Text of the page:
In time series analysis, tests for serial independence, symmetry, and goodnessoffit based on divergence measures, such as the KullbackLeibler divergence or Hellinger distance are currently receiving much interest. We consider replacing the divergence measures in these tests by kernelbased quadratic form. In this way we avoid the common practice of using plugin estimators. Our approach separates the problem of consistent estimation of the divergence measure from that of estimating the underlying joint densities consistently. We construct a test for serial independence on the basis of the introduced quadratic forms. An optimal bandwidth selection is a common problem in the nonparametric econometrics. To confront this problem we use an adaptive bandwidth procedure over a range of different bandwidth values. In order to produce an exact test, a permutation procedure is applied. Our results are illustrated with simulations for various data generating processes relevant to financial econometrics. We compare the performance of our test with existing nonparametric tests for serial independence and show that for many processes our approach produces higher power in comparison with BDS test and the test of Granger, Maasoumi, and Racine (2004). We apply our method to the return series of S&P 500. JEL classification: C10, C12, C22 1
Risk Forecasting with GARCH, Skewed t Distributions, and Multiple Timescales
"... Historical time series of asset returns are commonly used to derive forecasts of risk, such as value at risk (VaR). Provided there is enough data, this can be done successfully even though asset returns are typically heavytailed, heteroskedastic, and serially dependent. We describe how the historica ..."
Abstract
 Add to MetaCart
Historical time series of asset returns are commonly used to derive forecasts of risk, such as value at risk (VaR). Provided there is enough data, this can be done successfully even though asset returns are typically heavytailed, heteroskedastic, and serially dependent. We describe how the historical data can first be GARCH filtered and then used to calibrate parameters of the heavytailed skewed t distribution. Sufficient recent data is available if the forecasting horizon is short enough, for example for daily VaR forecasts. When the horizon is weekly or monthly, however, a sufficiently long weekly or monthly returns series extends too far into the past to be practical. To address this we introduce a multiple timescale approach, where risk forecasts at a longer timescale, such as weekly or monthly, can be made with the more abundant data available at a shorter timescale, such as daily or weekly. The method is analyzed both theoretically and empirically using the last few decades of daily S&P500 returns. Since this method is not tied
0 Applied Probability Trust 19% FOR THE PARSIMONY
"... In phylogenetic analysis it is useful to study the distribution of the parsimony length of a tree under the null model, by which the leaves are independently assigned letters according to prescribed probabilities. Except in one special case, this distribution is difficult to describe exactly. Here w ..."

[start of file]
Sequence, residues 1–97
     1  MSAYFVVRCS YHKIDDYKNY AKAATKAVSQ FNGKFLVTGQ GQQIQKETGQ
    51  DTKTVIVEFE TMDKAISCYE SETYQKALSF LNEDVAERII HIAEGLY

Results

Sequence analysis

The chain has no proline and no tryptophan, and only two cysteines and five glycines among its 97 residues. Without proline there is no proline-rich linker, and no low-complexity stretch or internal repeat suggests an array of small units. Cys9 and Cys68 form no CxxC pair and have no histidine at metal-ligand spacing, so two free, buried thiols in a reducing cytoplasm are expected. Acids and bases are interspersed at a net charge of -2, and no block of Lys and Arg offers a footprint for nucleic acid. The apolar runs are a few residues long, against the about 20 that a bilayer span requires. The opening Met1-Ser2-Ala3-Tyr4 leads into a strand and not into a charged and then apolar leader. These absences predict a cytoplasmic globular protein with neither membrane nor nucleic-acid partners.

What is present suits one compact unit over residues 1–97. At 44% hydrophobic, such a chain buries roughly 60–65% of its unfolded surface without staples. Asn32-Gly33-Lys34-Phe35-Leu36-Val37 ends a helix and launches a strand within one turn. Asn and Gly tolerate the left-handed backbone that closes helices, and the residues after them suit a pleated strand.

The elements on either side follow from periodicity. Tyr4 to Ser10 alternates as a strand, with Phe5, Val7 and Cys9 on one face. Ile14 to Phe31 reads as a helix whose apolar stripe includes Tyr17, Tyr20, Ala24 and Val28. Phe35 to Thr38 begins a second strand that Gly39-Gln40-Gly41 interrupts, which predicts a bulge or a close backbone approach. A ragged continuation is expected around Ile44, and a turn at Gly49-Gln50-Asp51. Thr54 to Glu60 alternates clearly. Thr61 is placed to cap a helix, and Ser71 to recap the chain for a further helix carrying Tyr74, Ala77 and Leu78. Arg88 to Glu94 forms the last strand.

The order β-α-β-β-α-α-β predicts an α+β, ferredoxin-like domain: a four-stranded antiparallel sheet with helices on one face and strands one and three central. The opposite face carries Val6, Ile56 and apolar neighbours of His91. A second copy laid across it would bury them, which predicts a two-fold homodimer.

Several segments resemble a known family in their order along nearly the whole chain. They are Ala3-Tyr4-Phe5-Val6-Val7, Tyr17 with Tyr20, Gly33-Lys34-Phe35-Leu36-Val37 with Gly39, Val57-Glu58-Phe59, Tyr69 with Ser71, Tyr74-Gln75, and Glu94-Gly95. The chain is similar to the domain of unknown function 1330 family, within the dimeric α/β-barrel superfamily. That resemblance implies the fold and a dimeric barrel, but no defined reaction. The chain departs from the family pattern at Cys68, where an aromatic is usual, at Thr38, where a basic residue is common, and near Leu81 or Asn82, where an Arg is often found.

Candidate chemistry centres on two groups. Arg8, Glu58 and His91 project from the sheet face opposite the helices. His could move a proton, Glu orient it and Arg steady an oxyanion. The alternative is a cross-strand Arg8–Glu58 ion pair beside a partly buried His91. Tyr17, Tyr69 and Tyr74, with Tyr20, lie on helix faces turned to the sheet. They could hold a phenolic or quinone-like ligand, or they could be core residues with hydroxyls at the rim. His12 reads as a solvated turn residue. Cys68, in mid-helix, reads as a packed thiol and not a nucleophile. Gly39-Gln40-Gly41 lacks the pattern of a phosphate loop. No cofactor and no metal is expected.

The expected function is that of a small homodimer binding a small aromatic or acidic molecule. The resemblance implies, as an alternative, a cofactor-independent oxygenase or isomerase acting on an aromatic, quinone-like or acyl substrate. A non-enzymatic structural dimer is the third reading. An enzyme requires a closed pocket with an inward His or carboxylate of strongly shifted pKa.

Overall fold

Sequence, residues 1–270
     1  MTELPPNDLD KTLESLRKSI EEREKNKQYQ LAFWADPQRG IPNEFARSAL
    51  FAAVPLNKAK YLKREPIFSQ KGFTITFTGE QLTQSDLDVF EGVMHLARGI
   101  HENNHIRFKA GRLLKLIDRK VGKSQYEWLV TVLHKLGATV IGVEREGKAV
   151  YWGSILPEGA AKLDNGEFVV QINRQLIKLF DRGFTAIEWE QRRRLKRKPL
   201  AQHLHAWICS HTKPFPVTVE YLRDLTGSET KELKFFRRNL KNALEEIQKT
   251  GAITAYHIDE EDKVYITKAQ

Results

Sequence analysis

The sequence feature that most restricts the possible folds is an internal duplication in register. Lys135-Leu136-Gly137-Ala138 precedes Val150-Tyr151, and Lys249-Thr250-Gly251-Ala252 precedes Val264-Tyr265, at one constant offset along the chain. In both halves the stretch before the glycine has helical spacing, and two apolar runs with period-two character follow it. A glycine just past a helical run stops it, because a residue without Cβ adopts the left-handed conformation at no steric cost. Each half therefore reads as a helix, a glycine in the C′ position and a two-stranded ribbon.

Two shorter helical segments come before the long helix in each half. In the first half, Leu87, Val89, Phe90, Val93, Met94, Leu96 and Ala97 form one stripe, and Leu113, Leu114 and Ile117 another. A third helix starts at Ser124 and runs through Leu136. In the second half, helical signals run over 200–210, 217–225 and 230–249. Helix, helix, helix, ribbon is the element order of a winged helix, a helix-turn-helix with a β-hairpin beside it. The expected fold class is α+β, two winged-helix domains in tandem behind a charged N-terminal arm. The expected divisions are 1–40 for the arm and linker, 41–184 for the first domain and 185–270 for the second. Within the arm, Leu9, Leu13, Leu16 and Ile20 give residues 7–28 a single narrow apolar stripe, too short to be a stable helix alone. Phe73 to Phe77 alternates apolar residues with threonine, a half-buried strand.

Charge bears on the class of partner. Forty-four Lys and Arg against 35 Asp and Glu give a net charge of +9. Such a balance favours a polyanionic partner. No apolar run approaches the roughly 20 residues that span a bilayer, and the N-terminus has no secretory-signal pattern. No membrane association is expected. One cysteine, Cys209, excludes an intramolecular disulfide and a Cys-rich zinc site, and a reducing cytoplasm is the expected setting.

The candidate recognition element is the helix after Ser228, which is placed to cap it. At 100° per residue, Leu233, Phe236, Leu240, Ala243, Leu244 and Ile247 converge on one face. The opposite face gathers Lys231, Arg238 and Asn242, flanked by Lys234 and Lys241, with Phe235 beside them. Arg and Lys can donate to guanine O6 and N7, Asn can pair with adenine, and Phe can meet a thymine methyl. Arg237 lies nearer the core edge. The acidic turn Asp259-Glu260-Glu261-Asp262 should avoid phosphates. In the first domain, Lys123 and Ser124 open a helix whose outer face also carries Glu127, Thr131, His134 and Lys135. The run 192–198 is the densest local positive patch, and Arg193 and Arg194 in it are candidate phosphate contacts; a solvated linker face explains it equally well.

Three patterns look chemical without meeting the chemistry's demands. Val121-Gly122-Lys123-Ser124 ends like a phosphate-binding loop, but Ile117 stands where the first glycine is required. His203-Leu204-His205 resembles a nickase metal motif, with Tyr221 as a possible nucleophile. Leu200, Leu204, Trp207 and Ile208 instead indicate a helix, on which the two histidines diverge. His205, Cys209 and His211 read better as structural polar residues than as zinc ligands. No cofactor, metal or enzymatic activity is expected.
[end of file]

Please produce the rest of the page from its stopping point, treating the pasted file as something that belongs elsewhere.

Abstract
 Add to MetaCart
In phylogenetic analysis it is useful to study the distribution of the parsimony length of a tree under the null model, by which the leaves are independently assigned letters according to prescribed probabilities. Except in one special case, this distribution is difficult to describe exactly. Here we analyze this distribution by providing a recursive and readily computable description, establishing large deviation bounds for the parsimony length of a fixed tree on a single site and for the minimum length (maximum parsimony) tree over several sites. We also show that, under very general conditions, the former distribution converges asymptotically to the normal, thereby settling a recent conjecture. Furthermore, we show how the mean and variance of this distribution can be efficiently calculated. The proof of normality requires a number of new and recent results, as the parsimony length is not directly expressible as a sum of independent random variables, and so normality does not follow immediately from a standard central limit theorem.
Statistic ∗
, 2009
"... In this note we establish the existence of the first two moments of the asymptotic trace statistic, which appears as weak limit of the likelihood ratio statistic for testing the cointegration rank in a vector autoregressive model and whose moments may be used to develop panel cointegration tests. Mo ..."
Abstract
 Add to MetaCart
In this note we establish the existence of the first two moments of the asymptotic trace statistic, which appears as weak limit of the likelihood ratio statistic for testing the cointegration rank in a vector autoregressive model and whose moments may be used to develop panel cointegration tests. Moreover, we justify the common practice to approximate these moments by simulating a certain statistic, which converges weakly to the asymptotic trace statistic. To accomplish this we show that the moments of the mentioned statistic converge to those of the asymptotic trace statistic as the time dimension tends to infinity.
Empirical Likelihood Confidence Intervals for the Gini Measure of Income Inequality
"... Gini coefficient is among the most popular and widely used measures of income inequality in economic studies, with various extensions and applications in finance and other related areas. This paper studies confidence intervals on the Gini coefficient for simple random samples, using normal approxima ..."
Abstract
 Add to MetaCart
Gini coefficient is among the most popular and widely used measures of income inequality in economic studies, with various extensions and applications in finance and other related areas. This paper studies confidence intervals on the Gini coefficient for simple random samples, using normal approximation, bootstrap percentile, bootstrapt and the empirical likelihood method. Through both theory and simulation studies it is shown that the intervals based on normal or bootstrap approximation are less satisfactory for samples of small or moderate size than the bootstrap calibrated empirical likelihood ratio confidence intervals which perform well for all sample sizes. Results for stratified random sampling are also presented.